4-5 Feet Dharamshala Tara (8-10 Feet with silk mount)
4-5 Feet Dharamshala Tara (8-10 Feet with silk mount)
4-5 Feet Dharamshala Tara (8-10 Feet with silk mount)
4-5 Feet Dharamshala Tara (8-10 Feet with silk mount)
Himalayan Art Museum

4-5 Feet Dharamshala Tara (8-10 Feet with silk mount)

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Image: Dharamsala Tara
Artist: Master Locho

1959 CE - 2020 CE

4 Years in Making ( 2017-2021)

This representation of the Green Tara brings our journey through the 2,300-year-old history of Buddhist art to the present day. Pulling stylistic inspiration from each generation and location, as well as symbolic inspiration from life in Dharamsala, this panting is an homage to the past, a celebration of present, and a contribution to our future.

Sarika Singh chose the female Bodhisattva Tara as the central figure of the series because she believes that they have a mutual relationship grounded by reciprocity. Sarika Singh is believed to be the only or one of the very few female thangka master in the world. In a field dominated by men, Sarika believes that Tara and the attributes she embodies have enabled her to thrive, have allowed her to express her gratitude to the practice, and share with the world the philosophy of Buddhism. As Tara is the ultimate mother and creator, Sarika emulates these qualities through cultivating this art form; devoting her life to advocating for its continuation and accessibility. Sarika lends her depiction of Tara dedication to every detail, beauty to every element, which exemplifies compassion, generosity, protection, selflessness, and love.

In this piece, Tara is draped in a long-sleeved flowing blouse, her long hair cascading down her shoulders. She is adorned in precious jewels, showcasing her beauty. She is surrounded by lotuses, leaves, and birds. Tara sits resilient and peaceful in her celestial abode. She is representative of the Tibetan people and the larger Buddhist community in India. The phoenixes that emerge from the fauna above Tara symbolize rebirth as they born again from ash. Just as the phoenix rises from the ash, Buddhist art has continued to develop and propagate throughout generations, geography, and cultures. Peacocks, the national bird of India, are an emblematic of celebration in their grandeur, cultural diversity and beauty. Two peacocks stand below Tara in her lotus bed, one looking forward towards the future, and one gazing behind, reflecting upon the past. The peacocks allude to Master Locho's and Sarika's conviction to preserve the thangka art form, contribute to its growth, and embody the present times in which it lives.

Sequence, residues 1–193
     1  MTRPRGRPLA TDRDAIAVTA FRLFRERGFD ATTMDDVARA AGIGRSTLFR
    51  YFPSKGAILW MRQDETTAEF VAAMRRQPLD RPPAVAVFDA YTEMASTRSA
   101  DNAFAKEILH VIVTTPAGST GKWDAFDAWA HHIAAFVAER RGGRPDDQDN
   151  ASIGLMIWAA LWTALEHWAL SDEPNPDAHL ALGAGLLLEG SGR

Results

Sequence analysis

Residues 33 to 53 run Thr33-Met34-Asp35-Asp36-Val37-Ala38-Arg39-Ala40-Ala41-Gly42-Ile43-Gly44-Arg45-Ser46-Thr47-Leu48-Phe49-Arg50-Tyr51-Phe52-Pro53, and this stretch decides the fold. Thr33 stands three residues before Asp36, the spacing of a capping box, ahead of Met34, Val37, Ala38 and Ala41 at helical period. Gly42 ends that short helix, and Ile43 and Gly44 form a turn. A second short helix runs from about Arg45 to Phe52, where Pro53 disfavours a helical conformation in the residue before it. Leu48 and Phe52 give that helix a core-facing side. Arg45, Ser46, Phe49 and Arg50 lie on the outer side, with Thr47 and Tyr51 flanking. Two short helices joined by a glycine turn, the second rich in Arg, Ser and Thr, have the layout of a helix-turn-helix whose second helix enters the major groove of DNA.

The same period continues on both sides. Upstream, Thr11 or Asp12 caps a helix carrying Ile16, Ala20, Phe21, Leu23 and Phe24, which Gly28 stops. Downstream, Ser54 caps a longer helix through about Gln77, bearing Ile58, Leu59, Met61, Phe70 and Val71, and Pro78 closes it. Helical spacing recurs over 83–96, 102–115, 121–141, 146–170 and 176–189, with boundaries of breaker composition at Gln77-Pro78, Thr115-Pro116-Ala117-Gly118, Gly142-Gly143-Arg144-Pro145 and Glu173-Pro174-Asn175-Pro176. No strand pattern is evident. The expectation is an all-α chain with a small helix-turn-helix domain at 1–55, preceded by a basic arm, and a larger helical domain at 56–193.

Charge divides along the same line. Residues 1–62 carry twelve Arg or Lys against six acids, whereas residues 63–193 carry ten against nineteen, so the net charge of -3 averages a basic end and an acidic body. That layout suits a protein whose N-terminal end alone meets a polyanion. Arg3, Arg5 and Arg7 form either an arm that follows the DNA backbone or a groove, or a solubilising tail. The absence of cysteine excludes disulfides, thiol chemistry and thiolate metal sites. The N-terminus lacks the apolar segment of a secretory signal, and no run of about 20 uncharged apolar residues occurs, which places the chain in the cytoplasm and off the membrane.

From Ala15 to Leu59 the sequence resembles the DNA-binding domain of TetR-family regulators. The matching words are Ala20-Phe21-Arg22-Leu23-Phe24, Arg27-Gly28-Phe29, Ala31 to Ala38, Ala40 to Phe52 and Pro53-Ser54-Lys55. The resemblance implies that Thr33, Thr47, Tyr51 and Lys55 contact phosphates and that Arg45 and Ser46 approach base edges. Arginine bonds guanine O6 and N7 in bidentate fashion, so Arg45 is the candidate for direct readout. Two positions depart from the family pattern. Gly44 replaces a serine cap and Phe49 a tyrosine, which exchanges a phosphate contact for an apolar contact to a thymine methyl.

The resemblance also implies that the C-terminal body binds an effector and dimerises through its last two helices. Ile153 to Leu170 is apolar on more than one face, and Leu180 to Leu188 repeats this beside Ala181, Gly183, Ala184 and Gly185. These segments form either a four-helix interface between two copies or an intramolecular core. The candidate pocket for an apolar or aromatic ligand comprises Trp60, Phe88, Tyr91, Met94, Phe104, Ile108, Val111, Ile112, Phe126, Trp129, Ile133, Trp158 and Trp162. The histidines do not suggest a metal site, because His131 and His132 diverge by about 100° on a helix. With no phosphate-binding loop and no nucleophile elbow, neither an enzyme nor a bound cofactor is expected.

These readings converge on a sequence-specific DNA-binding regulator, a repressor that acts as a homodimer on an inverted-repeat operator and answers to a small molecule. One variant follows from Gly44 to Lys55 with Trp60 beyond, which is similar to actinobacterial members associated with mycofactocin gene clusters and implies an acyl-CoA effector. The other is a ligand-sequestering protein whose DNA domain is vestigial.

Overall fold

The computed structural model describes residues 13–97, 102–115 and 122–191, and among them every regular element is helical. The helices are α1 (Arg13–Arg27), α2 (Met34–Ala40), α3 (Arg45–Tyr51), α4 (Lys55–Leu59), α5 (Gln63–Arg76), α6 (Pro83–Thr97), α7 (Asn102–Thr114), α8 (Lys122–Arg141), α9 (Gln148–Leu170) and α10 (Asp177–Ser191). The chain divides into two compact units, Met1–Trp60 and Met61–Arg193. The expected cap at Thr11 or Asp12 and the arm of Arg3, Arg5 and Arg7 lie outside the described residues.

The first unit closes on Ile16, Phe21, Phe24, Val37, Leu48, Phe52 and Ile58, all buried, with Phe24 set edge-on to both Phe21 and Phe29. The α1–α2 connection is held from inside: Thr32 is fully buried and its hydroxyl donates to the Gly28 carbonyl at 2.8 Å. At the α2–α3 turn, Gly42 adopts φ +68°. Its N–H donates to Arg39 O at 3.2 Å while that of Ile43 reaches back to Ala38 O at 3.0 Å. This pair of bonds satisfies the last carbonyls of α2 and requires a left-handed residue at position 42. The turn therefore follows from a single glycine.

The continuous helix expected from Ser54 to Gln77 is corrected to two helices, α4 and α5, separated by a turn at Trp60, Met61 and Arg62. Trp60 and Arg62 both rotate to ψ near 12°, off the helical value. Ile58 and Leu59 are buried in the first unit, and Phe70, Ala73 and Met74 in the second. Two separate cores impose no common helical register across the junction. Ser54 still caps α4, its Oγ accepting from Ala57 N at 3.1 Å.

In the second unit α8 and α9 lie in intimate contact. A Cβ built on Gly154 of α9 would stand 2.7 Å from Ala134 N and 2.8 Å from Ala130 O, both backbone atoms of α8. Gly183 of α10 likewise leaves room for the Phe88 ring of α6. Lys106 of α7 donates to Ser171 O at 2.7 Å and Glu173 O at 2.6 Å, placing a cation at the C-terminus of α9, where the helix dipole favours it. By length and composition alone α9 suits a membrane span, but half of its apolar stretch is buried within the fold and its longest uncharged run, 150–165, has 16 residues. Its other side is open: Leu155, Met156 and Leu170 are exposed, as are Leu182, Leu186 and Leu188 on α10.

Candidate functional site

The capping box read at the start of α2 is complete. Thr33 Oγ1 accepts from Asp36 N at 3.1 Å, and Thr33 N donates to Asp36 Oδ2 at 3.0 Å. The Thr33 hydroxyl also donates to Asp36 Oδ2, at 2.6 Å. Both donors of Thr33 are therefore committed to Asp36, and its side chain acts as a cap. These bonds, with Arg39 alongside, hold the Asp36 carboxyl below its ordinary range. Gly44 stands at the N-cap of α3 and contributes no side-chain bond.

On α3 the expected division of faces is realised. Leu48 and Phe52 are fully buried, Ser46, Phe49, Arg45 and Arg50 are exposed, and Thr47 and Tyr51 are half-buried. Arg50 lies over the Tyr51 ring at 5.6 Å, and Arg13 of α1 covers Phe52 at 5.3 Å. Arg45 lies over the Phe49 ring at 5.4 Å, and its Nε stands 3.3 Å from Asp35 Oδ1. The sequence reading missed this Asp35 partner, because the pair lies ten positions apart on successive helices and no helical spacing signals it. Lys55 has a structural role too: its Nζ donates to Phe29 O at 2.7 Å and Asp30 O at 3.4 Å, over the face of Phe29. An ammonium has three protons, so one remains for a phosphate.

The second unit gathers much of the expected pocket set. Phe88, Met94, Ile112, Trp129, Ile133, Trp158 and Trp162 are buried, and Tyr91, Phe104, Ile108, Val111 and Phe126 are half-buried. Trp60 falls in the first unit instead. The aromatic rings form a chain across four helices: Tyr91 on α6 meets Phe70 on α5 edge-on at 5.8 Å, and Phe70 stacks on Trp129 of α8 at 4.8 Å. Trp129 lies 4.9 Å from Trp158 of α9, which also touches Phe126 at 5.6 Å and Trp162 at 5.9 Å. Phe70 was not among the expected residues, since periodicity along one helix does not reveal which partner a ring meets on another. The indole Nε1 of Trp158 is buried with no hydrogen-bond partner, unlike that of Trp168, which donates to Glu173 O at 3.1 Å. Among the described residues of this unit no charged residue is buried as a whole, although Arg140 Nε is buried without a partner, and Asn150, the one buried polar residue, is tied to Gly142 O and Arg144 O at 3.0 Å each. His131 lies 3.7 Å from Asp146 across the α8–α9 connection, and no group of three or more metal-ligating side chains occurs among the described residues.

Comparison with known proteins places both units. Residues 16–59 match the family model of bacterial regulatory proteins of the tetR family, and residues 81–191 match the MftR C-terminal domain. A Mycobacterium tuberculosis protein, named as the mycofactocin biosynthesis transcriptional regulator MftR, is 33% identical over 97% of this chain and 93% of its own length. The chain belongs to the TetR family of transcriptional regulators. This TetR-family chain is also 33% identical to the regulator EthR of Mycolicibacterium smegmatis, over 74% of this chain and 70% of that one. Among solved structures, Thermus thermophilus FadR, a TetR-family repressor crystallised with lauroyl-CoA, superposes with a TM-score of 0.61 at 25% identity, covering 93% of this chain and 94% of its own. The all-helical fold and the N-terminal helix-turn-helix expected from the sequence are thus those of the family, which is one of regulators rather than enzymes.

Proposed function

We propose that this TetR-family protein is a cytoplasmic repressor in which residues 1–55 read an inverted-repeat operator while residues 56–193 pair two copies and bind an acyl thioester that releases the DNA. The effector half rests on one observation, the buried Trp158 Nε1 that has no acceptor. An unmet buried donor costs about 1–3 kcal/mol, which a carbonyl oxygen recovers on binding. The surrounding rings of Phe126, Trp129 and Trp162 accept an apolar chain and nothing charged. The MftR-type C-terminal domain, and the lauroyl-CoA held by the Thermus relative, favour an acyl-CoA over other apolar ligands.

Occupation in Tibet since 1959 has led to the mass exodus of people forced to seek refuge in India. In a display of resiliency and testament to their nonviolence, the Tibetan people continue to work to keep their cultural identity, language, and belief system in the face of great adversity. When the Dalai Lama fled Tibet, among the possessions he deemed essential to bring was a Thangka painting, holding a strong belief for their beauty and power.

This image was conceptualized by both Master Locho and Sarika Singh. The painting was executed by Master Locho. The minerals used to create the colors of this painting are azurite blue, ultramarine blue, malachite green, cinnabar vermillion red, orpiment yellow, and calcium carbonate white chalk. In addition to these minerals, pure gold and silver are used as accent colors. These mineral pigments are mixed with glue and water to create different colored paints. As evidenced by the preservation of Thangka paintings from a thousand years ago, using this traditional process ensures the longevity of the painting.